Climate change and other environmental concerns could play a bigger role in how the federal government makes food recommendations.

Environmental Nutrition Movement Gains Momentum

Filmmaker Kip Andersen and musician John Joseph attend a Q&A at the “Cowspiracy: The Sustainability Secret” New York premiere, Aug. 21, 2014 in New York City. (Rob Kim/Getty Images)

That’s a warning from Jayson Lusk, an agricultural economist at Oklahoma State University and author of “The Food Police: A Well-Fed Manifesto about the Politics of Your Plate,” after a new Obama administration appointment of a self-described “environmental nutritionist.”

Lusk said combining healthy eating with climate concerns is part of a “progressive ideology that ‘we know better than you,’ and a willingness to use the federal government to push utopian ideas.”

“It’s marrying two ideas of not only is this better for the environment to eat only certain foods, but it’s better for your health,” Lusk told TheBlaze.

In July, Angela Tagtow became the executive director of the U.S. Department of Agriculture’s Center for Nutrition Policy and Promotion, which oversees the Dietary Guidelines Advisory Committee. The committee formulates the government’s recommendations of which foods and how much people should eat, and affects how the military and public schoolchildren are fed and how federal food assistance programs operate.

Tagtow founded Environmental Nutrition Solutions, a nonprofit that aims to make food “ecologically sound,” the Washington Free Beacon reported. She has advocated for government programs to subsidize the purchase of locally grown fruits and vegetables, called for eating less meat, and wants to see schools and workplaces establish “fast-food free zones,” according to the Free Beacon.

Tagtow also wrote the “Good Food Checklist for Eaters” at the University of Minnesota that made several recommendations, and explains the connection between nutrition and the environment.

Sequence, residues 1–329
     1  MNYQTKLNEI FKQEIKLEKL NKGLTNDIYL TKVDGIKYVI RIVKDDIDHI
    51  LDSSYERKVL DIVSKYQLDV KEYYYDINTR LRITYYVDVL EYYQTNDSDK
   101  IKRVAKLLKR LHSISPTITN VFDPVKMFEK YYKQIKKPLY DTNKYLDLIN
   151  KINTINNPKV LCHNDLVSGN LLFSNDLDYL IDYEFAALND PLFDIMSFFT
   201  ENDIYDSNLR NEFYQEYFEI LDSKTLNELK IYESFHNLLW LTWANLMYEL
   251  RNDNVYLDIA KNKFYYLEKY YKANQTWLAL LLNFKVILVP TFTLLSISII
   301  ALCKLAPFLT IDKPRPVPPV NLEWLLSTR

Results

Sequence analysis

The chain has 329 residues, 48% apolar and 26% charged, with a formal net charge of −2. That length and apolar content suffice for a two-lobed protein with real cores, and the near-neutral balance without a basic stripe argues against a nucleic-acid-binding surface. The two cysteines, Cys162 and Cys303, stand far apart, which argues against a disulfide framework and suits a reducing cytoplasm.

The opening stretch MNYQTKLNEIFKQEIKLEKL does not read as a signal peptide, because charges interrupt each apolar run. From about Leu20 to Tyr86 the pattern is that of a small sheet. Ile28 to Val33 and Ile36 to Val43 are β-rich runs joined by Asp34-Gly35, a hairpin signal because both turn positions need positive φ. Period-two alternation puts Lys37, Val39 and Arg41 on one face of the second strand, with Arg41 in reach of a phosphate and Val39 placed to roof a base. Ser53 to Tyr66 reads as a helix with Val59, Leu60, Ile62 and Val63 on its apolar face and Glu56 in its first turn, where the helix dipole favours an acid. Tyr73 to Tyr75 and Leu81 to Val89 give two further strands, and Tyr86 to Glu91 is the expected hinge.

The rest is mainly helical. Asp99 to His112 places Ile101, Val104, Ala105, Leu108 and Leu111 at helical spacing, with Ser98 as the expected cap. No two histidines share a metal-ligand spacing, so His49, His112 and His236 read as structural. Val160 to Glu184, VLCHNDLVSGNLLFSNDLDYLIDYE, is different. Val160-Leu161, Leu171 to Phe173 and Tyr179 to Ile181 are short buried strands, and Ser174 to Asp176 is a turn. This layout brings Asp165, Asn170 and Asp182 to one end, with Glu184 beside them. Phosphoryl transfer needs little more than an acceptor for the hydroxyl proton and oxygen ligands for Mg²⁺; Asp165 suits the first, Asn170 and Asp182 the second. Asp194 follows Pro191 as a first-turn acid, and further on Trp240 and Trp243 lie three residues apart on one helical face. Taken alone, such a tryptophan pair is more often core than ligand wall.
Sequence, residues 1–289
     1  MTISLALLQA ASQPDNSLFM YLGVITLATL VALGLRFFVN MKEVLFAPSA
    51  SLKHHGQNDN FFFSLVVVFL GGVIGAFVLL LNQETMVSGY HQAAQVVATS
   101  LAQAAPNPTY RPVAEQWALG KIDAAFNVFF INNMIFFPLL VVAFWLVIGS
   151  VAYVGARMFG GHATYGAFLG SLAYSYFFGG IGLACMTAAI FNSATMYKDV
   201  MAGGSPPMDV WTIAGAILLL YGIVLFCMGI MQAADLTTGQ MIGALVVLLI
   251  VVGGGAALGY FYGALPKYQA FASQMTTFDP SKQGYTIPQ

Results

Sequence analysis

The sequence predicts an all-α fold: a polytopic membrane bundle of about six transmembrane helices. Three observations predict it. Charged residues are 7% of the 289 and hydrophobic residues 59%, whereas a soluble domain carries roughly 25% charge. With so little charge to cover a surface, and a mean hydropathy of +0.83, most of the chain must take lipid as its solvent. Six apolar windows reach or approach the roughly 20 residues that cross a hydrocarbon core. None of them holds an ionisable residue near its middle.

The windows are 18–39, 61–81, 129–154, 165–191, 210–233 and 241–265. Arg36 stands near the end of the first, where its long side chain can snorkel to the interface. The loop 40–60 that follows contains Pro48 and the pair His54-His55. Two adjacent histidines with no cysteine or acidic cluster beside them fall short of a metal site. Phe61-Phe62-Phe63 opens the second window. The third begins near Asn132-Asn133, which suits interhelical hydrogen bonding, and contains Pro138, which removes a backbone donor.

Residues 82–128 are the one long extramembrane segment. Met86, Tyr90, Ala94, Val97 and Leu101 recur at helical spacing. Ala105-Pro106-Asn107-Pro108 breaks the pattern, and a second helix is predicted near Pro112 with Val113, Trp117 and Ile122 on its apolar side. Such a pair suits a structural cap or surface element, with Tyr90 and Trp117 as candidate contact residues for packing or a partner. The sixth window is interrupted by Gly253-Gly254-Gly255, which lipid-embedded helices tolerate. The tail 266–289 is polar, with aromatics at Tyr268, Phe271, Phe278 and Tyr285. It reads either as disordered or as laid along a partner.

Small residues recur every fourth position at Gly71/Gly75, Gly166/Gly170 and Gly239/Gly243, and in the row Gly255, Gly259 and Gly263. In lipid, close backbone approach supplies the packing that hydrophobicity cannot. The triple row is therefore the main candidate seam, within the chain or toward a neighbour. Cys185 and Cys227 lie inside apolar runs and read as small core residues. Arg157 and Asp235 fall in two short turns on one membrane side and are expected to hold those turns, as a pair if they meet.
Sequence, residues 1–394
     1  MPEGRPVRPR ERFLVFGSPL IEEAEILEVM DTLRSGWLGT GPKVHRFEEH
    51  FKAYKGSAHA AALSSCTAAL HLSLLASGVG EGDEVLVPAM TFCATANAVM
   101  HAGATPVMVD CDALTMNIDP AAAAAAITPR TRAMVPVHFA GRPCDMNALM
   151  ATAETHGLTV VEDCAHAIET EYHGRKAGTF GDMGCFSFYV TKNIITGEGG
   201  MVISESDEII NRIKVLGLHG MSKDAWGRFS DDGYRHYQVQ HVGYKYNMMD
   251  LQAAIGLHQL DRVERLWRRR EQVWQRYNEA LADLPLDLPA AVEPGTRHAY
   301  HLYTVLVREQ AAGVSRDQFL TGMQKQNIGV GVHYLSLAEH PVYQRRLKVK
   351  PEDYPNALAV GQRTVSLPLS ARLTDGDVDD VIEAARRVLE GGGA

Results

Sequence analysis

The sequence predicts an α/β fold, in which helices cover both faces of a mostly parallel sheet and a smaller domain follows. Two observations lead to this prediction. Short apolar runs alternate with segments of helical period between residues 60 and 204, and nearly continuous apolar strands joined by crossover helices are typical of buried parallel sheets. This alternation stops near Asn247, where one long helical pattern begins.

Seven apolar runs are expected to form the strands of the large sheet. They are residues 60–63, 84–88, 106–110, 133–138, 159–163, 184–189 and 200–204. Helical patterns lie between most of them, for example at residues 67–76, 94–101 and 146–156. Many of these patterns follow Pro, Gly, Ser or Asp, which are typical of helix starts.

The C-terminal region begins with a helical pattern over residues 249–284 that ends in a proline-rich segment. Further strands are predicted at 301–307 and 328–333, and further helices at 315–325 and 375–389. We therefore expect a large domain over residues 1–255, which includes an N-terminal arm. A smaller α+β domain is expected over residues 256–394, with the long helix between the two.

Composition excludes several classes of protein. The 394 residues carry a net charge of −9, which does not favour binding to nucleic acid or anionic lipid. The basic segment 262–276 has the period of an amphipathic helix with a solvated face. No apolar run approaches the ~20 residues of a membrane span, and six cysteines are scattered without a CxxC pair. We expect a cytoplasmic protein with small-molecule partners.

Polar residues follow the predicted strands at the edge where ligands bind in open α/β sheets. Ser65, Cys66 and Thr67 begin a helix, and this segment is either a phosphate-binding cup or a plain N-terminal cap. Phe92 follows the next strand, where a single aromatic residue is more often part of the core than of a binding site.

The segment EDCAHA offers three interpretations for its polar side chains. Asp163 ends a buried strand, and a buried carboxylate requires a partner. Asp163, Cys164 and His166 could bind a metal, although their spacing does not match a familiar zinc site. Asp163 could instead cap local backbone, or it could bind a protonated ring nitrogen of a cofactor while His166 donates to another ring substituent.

“Our food choices directly influence our family’s health and profoundly influence the health of the planet,” she wrote. “It starts with soil, the earth’s life-support system. Science proves that healthy soil grows healthy food.”

The Center for Nutrition Policy and Promotion did not respond to repeated interview requests from TheBlaze.

Politico previously reported that the food industry was “buzzing” over the Tagtow appointment, which “ramped up speculation that the administration will keep sustainability and environmental considerations as part of the ongoing effort to update federal nutrition guidelines.”

But as a matter of policy, environmental nutrition makes no scientific sense, Lusk said.

“It’s one thing for the government to make nutritional guidelines,” Lusk said.

Lusk pointed to the new documentary film, “Cowspiracy: The Sustainability Secret,” which asserts that the beef industry is the single biggest threat to the planet, and accuses the government, business and even environmental groups of covering up the danger.

“It’s not totally ludicrous for the government to evaluate the environmental impacts of what you eat,” Lusk said. “But to combine these two goes beyond science. Here it’s asking you to weigh the value of the environment versus nutrition and what price you place on each. It’s not science, it’s values judgment.”

Even the Environmental Protection Agency finds that agriculture in the United States makes up just 8 percent of greenhouse gas emissions, Lusk said, while on the other hand, green food policies may have economic consequences such as reduced incomes for cattle ranchers and rural communities.

At the July 17 hearing of the Dietary Guideline Advisory Committee, Independent Women’s Forum senior fellow Julie Gunlock warned about the impact this could have on consumers.

“The DGAC’s shift from diet and nutrition to environmental issues will increase food costs for all Americans at a time when consumers are already struggling with higher prices at the grocery store,” Gunlock said. “Muddying these important recommendations with issues like climate change, sustainability, animal rights, immigration, pest control [and] other non-nutrition issues will only lead to the recommendations being ignored by the American public.”

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